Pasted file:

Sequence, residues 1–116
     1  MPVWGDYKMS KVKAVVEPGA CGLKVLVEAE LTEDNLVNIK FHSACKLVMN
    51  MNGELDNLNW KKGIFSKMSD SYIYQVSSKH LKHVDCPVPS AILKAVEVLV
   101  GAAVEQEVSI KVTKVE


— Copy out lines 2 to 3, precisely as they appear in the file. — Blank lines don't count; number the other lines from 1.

     1  MPVWGDYKMS KVKAVVEPGA CGLKVLVEAE LTEDNLVNIK FHSACKLVMN
    51  MNGELDNLNW KKGIFSKMSD SYIYQVSSKH LKHVDCPVPS AILKAVEVLV